A web-based program improves physical activity outcomes in a primary care angina population: Randomized controlled trial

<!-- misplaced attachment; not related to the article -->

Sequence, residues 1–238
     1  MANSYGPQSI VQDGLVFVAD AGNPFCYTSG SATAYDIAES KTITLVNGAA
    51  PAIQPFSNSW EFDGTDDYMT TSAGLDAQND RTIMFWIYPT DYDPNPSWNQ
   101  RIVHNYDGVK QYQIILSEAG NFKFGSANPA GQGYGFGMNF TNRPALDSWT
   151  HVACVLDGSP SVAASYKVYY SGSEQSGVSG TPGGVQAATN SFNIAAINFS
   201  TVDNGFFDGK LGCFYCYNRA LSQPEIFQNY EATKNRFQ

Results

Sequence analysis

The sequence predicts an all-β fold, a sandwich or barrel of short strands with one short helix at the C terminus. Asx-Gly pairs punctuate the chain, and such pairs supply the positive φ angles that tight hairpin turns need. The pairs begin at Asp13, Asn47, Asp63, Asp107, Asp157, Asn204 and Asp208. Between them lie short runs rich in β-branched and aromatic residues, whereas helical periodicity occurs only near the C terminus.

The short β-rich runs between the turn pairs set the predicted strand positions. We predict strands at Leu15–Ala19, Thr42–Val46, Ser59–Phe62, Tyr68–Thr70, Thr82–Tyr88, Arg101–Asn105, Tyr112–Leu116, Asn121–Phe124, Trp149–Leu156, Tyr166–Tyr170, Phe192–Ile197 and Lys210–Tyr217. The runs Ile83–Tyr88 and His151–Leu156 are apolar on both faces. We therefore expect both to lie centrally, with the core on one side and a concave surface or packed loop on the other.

Background: Angina affects more than 50 million people worldwide. Secondary prevention interventions such as cardiac rehabilitation are not widely available for this population. An Internet-based version could offer a feasible alternative. Objective: Our aim was to examine the effectiveness of a Web-based cardiac rehabilitation program for those with angina. Methods: We conducted a randomized controlled trial, recruiting those diagnosed with angina from general practitioners (GPs) in primary care to an intervention or control group. Intervention group participants were offered a 6-week Web-based rehabilitation program ("ActivateYourHeart"). The program was introduced during a face-to-face appointment and then delivered via the Internet (no further face-to-face contact). The program contained information about the secondary prevention of coronary heart disease (CHD) and set each user goals around physical activity, diet, managing emotions, and smoking. Performance against goals was reviewed throughout the program and goals were then reset/modified. Participants completed an online exercise diary and communicated with rehabilitation specialists through an email link/synchronized chat room. Participants in the control group continued with GP treatment as usual, which consisted of being placed on a CHD register and attending an annual review. Outcomes were measured at 6-week and 6-month follow-ups during face-to-face assessments. The primary outcome measure was change in daily steps at 6 weeks, measured using an accelerometer. Secondary outcome measures were energy expenditure (EE), duration of sedentary activity (DSA), duration of moderate activity (DMA), weight, diastolic/systolic blood pressure, and body fat percentage. Self-assessed questionnaire outcomes included fat/fiber intake, anxiety/depression, self-efficacy, and quality of life (QOL). Results: A total of 94 participants were recruited and randomized to the intervention (n=48) or the usual care (n=46) group; 84 and 73 participants completed the 6-week and 6-month follow-ups, respectively. The mean number of log-ins to the program was 18.68 (SD 13.13, range 1-51), an average of 3 log-ins per week per participant. Change in daily steps walked at the 6-week follow-up was +497 (SD 2171) in the intervention group and-861 (SD 2534) in the control group (95% CI 263-2451, P=.02). Significant intervention effects were observed at the 6-week follow-up in EE (+43.94 kcal, 95% CI 43.93-309.98, P=.01), DSA (-7.79 minutes, 95% CI-55.01 to-7.01, P=.01), DMA (+6.31 minutes, 95% CI 6.01-51.20, P=.01), weight (-0.56 kg, 95% CI-1.78 to-0.15, P=.02), self-efficacy (95% CI 0.30-4.79, P=.03), emotional QOL score (95% CI 0.01-0.54, P=.04), and angina frequency (95% CI 8.57-35.05, P=.002). Significant benefits in angina frequency (95% CI 1.89-29.41, P=.02) and social QOL score (95% CI 0.05-0.54, P=.02) were also observed at the 6-month follow-up. Conclusions: An Internet-based secondary prevention intervention could be offered to those with angina. A larger pragmatic trial is required to provide definitive evidence of effectiveness and cost-effectiveness. Trial Registration: International Standard Randomized Controlled Trial Number (ISRCTN): 90110503; http://www.controlled-trials.com/ISRCTN90110503/ISRCTN90110503 (Archived by WebCite at http://www.webcitation.org/6RYVOQFKM).